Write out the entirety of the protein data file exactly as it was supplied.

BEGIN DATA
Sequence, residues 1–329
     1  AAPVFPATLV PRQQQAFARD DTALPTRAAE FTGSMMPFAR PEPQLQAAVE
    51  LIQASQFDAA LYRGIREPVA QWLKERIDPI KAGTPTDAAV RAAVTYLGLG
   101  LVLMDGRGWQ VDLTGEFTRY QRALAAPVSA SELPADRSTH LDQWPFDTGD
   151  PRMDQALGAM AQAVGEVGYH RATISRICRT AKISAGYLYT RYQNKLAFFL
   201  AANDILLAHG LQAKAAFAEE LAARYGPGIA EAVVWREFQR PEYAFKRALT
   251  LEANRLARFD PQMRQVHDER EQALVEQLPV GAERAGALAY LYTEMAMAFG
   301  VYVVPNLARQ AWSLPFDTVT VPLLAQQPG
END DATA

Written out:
Sequence, residues 1–329
     1  AAPVFPATLV PRQQQAFARD DTALPTRAAE FTGSMMPFAR PEPQLQAAVE
    51  LIQASQFDAA LYRGIREPVA QWLKERIDPI KAGTPTDAAV RAAVTYLGLG
   101  LVLMDGRGWQ VDLTGEFTRY QRALAAPVSA SELPADRSTH LDQWPFDTGD
   151  PRMDQALGAM AQAVGEVGYH RATISRICRT AKISAGYLYT RYQNKLAFFL
   201  AANDILLAHG LQAKAAFAEE LAARYGPGIA EAVVWREFQR PEYAFKRALT
   251  LEANRLARFD PQMRQVHDER EQALVEQLPV GAERAGALAY LYTEMAMAFG
   301  VYVVPNLARQ AWSLPFDTVT VPLLAQQPG